Importance of Measured Osmolality
Direct measurement of body fluid osmolality with a freezing point depression osmometer is the preferred method when reporting osmolality in a clinical setting1.
In practice, physicians use both measured and calculated osmolality to determine a patient’s osmolal gap. The difference between measured and calculated osmolality can be diagnostically significant for conditions such as toxic alcohol ingestion and useful for monitoring patients being treated with osmotically active therapies.
If a laboratory were to solely provide calculated osmolality the physicians could not calculate the osmolal gap to screen for foreign substances.
Measured Osmolality (via Freezing Point Depression Osmometer):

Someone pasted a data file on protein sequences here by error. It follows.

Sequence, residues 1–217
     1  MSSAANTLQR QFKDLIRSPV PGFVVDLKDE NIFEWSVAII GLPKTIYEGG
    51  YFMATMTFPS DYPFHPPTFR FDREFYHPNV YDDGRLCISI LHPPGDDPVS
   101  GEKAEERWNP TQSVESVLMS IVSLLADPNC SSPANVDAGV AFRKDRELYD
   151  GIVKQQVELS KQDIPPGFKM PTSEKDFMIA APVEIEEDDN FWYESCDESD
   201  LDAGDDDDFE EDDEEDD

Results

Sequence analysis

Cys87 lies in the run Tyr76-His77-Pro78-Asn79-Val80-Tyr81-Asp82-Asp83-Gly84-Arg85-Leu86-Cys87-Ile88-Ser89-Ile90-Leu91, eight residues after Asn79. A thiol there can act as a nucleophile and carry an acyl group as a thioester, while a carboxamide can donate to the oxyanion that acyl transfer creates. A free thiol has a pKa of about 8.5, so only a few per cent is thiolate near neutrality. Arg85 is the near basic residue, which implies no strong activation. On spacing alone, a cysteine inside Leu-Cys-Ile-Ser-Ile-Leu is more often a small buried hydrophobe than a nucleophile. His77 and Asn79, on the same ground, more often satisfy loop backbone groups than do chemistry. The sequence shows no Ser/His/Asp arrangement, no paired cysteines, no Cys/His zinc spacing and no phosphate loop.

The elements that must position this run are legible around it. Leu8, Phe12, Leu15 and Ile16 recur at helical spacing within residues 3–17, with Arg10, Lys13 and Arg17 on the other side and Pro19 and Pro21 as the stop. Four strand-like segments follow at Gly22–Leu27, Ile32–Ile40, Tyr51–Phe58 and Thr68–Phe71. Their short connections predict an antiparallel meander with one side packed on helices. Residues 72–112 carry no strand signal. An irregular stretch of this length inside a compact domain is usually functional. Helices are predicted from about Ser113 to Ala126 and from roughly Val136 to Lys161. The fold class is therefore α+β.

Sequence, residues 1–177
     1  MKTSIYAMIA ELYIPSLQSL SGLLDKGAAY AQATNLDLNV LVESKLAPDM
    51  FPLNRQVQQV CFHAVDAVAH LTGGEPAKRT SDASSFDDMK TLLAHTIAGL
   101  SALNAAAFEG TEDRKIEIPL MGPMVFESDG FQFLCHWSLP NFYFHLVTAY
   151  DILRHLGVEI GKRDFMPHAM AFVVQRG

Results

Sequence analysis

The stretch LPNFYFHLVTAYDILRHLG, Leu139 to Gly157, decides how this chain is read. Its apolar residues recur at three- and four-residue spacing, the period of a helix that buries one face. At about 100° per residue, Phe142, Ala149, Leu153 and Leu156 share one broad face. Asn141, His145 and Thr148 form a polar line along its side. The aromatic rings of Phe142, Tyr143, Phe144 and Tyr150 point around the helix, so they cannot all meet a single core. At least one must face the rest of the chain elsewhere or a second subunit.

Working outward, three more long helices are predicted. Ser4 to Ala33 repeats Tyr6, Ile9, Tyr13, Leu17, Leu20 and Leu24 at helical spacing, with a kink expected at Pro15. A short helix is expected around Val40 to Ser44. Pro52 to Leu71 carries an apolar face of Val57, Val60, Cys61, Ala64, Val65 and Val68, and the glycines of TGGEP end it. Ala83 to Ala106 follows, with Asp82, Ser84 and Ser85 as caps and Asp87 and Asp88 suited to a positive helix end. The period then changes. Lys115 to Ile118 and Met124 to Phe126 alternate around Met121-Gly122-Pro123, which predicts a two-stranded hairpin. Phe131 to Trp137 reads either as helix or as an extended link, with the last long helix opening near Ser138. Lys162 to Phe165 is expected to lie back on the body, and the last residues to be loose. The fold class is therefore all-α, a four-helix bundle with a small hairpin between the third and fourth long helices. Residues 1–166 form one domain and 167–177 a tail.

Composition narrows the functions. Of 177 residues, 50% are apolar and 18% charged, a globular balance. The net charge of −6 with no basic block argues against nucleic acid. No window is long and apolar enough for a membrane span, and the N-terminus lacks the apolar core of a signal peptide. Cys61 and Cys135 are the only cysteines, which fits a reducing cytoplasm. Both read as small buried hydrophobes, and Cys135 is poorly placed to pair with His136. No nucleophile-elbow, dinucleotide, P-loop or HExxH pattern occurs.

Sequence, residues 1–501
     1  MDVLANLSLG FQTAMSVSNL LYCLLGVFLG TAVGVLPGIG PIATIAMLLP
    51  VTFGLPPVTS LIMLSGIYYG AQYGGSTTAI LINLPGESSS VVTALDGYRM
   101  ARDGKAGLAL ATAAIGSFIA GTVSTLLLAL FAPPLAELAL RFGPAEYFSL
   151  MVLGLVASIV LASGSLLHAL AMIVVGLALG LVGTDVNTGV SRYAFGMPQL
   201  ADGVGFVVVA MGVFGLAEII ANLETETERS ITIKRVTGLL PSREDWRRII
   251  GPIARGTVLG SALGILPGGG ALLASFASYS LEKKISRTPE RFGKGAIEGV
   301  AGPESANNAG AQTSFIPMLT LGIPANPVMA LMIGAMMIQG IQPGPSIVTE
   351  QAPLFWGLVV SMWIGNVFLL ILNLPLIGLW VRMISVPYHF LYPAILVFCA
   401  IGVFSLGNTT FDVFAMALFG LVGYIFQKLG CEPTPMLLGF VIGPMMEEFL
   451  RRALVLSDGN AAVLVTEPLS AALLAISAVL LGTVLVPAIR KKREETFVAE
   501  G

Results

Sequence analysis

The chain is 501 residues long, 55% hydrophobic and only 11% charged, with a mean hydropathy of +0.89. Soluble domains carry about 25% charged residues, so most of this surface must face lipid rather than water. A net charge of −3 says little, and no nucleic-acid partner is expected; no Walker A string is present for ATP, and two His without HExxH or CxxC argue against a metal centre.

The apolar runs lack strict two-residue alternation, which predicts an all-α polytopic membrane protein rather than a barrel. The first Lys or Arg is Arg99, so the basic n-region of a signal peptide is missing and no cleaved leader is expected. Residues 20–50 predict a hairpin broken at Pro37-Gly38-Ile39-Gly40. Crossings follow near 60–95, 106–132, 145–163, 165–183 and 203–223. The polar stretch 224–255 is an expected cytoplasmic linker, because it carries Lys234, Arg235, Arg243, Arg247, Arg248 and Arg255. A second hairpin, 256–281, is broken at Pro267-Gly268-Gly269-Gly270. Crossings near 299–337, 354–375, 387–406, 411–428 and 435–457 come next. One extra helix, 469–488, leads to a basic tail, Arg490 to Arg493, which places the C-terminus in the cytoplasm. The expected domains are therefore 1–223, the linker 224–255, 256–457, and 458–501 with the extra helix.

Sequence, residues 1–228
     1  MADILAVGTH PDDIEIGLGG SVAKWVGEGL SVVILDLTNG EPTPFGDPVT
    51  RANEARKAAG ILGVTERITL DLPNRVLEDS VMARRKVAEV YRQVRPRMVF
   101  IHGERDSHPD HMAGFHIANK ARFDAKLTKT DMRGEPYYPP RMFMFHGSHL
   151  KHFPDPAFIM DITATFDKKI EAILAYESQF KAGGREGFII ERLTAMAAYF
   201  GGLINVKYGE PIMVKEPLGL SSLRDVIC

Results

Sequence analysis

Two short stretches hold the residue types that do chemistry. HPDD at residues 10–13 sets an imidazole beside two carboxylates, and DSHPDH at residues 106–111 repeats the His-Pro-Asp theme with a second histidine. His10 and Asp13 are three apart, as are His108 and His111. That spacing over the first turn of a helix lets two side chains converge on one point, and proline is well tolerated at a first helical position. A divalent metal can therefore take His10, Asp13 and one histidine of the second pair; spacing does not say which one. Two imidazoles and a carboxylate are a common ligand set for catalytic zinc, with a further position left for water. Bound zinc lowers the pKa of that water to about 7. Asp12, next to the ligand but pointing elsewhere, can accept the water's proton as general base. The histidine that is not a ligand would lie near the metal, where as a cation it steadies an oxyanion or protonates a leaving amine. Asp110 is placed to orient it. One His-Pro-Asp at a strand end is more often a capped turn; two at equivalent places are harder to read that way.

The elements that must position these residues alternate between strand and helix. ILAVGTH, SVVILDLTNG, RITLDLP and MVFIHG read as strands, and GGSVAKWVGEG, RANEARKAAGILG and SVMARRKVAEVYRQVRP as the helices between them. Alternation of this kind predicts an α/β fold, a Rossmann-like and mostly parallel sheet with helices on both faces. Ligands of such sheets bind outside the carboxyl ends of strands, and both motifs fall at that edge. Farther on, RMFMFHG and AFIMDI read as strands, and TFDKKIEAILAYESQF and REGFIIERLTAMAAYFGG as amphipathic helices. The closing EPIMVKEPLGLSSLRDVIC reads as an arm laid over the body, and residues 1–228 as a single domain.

- Objective measurement
- Accounts for everything that impacts osmolality including
toxins and osmotically active therapies
- Has tight tolerances at clinically relevant decision points
- Highly subjective with over 65 equations in the literature
- Misses toxins and medications that impact osmolality
- Error could be embedded in each component of the calculation
Measured Osmolality – Calculated Osmolality = Osmolal Gap
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- Eisen, T. F., Lacouture, P. G., Woolf, A.: Serum osmolality in alcohol ingestions: differences in availability among laboratories of teaching hospital, nonteaching hospital, and commercial facilities. Am J Emerg Med 1989; 7:256-259.